This would be most easily observable in the areas of fashion, where retailers have men’s and women’s sections with an array of different merchandise on offer. The same would apply in beauty and toiletry products, where there would be separate product offerings by gender.

Age segmentation

Age segmentation is a very commonly use demographic variable, which has the underlying premise that needs change over time for all consumers.

As shown in the following diagram, age segmentation relies upon people in the same age group having similar needs.

Age segmentation

In this example for a fitness center, younger people are more focused on the benefit of physical appearance, middle-aged people are more focused on stress relief or a break from their busy lives, and older people are there for health and therapy benefits.

Therefore, a fitness facility that has defined its target market based on an age group segmentation, would then rely upon the benefits listed in the diagram to help design their marketing mix.

Life-stage segmentation

Life stage, or family life cycle stage, is another demographic variable that can be used. It assumes that people go through a series of predictable life stages.

Let’s take the family life cycle as an example, typically people will progress through the following stages:

  1. Young single
  2. Young married = no children
  3. Married = young children = full nest 1
  4. Married = older children = full nest 2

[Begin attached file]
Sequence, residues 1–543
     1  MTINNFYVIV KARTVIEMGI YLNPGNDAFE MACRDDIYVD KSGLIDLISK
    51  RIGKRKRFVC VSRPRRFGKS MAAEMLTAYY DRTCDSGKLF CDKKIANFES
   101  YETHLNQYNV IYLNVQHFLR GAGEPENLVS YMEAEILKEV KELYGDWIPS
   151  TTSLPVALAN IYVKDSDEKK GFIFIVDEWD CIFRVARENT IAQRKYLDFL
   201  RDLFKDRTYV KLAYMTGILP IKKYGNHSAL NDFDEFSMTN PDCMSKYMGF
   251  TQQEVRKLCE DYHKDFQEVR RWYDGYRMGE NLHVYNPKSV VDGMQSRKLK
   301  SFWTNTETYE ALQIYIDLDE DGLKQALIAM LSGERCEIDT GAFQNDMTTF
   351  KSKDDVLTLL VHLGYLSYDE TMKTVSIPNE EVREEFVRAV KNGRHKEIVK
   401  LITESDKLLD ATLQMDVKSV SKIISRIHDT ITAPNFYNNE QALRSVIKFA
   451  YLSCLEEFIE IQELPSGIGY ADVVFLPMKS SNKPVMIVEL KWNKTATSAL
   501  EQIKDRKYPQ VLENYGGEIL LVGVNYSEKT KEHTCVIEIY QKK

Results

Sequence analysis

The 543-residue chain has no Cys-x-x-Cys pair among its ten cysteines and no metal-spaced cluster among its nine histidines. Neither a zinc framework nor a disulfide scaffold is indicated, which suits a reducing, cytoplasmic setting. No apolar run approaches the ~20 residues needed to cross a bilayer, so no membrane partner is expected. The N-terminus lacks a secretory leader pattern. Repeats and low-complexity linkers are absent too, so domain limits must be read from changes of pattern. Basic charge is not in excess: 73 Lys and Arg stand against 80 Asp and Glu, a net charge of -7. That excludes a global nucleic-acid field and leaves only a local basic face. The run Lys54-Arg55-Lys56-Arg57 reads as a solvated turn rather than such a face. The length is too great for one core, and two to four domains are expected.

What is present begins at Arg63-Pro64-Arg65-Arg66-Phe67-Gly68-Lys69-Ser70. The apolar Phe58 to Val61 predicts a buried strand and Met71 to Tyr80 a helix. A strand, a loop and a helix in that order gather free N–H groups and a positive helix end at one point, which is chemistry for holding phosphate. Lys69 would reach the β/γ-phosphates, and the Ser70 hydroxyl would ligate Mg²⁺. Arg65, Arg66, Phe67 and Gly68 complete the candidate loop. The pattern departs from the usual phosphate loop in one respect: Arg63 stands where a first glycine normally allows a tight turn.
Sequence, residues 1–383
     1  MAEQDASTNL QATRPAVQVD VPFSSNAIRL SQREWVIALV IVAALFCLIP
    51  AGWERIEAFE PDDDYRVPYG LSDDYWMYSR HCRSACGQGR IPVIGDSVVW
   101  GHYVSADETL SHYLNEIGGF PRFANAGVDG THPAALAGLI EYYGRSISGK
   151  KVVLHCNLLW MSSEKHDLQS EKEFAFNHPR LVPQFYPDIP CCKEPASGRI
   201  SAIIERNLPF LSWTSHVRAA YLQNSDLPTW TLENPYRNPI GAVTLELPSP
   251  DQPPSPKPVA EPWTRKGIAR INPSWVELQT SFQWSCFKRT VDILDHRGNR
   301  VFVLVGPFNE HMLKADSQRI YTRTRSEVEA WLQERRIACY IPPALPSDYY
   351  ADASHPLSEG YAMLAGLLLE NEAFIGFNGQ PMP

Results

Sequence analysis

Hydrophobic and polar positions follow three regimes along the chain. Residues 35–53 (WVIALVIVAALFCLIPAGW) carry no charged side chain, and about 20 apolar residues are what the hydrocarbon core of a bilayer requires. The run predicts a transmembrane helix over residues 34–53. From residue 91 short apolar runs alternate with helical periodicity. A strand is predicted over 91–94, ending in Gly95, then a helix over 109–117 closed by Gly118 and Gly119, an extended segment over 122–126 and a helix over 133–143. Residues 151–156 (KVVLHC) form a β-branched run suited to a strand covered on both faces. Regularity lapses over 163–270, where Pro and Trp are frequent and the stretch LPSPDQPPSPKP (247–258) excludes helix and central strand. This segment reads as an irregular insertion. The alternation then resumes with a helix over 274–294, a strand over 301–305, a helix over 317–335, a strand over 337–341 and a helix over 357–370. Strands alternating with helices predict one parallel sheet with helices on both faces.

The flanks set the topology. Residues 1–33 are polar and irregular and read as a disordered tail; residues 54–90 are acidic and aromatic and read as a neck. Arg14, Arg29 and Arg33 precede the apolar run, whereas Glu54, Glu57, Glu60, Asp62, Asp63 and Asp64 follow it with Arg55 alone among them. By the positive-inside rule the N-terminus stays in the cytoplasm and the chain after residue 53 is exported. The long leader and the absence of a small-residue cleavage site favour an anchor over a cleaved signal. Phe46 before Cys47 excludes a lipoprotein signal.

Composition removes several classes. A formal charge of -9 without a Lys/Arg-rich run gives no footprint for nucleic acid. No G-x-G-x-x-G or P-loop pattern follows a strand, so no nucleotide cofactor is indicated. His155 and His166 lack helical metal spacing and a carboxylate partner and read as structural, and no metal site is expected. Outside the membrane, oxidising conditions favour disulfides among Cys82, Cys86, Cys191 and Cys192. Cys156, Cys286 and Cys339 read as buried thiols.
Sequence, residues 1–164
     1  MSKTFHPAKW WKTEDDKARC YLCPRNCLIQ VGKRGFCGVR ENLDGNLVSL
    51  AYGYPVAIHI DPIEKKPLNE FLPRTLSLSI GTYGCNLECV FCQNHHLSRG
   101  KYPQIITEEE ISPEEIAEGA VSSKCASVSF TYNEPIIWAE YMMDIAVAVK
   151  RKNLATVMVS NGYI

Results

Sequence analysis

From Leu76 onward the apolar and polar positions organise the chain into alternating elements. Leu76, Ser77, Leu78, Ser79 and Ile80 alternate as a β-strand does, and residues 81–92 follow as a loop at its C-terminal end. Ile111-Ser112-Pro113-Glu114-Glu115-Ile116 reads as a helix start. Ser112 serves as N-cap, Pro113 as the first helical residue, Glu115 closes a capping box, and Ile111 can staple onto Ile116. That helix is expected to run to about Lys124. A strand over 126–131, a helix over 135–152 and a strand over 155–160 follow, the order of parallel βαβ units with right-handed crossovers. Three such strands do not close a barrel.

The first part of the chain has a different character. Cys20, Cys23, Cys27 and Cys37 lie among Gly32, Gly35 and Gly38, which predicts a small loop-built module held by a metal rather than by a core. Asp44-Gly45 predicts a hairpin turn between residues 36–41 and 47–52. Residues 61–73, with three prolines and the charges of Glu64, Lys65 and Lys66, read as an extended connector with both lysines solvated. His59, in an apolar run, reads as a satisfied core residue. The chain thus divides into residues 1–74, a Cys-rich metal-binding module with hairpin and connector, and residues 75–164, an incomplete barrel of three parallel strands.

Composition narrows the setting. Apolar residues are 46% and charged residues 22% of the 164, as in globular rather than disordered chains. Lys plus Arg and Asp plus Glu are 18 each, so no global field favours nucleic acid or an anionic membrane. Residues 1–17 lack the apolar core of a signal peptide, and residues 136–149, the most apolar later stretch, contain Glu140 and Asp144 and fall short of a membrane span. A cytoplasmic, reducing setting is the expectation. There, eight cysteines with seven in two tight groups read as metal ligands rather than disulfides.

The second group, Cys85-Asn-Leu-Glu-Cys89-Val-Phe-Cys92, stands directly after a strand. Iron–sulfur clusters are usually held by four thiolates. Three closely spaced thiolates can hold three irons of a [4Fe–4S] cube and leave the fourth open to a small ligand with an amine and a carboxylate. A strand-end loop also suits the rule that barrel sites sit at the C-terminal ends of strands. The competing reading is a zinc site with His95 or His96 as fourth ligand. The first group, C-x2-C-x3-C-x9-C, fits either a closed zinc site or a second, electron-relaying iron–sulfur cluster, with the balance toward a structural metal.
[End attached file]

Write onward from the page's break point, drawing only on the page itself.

5. Older married = children left home = empty nest
  6. Older single (sole survivor)

In some countries, the above family life cycle represents a very traditional approach. Obviously in today’s more diverse world with de facto relationships, multiple marriages, blended families, same-sex couples, and so on – this progression of family life stage is certainly not as common and structures as it has been on the past.

However, there is an underlying that as the person progresses into different life stages, they have needs for new products. Clearly, the addition of children into the household creates the need for a lot of new products, such as food, health, furniture, clothing for children.

Likewise, moving from a single person into a married relationship changes the purchasing dynamics for both parties.

Income segmentation

Another demographic variable is effective in some industries is income segmentation, where consumers are classified on the basis of high, medium and low income.

Income levels clearly change the ability of the person to afford certain products, as well as generating the needy in some consumers to demonstrate their success and lifestyle visibly through conspicuous consumption.

Again however, like with the other demographic variables, there is an implied difference in needs at different income levels, which may not hold true across the segments.

For example, a young single person and an older retired person may be classified to the same income segment, but it is likely that their needs are quite different.

Related articles

Choice of segmentation bases

Business segmentation bases

Segmentation examples

Census links

United States Census Bureau

UK Office for National Statistics

Census India

Australian Bureau of Statistics

Author: Geoff Fripp

Geoff Fripp is an experienced marketing practitioner, university lecturer and textbook author based in Sydney, Australia. He has been an adjunct lecturer at the University of Sydney since 2002 and is the author of several marketing textbooks. For more information, please refer to the 'About' section or 'Contact' section of this website.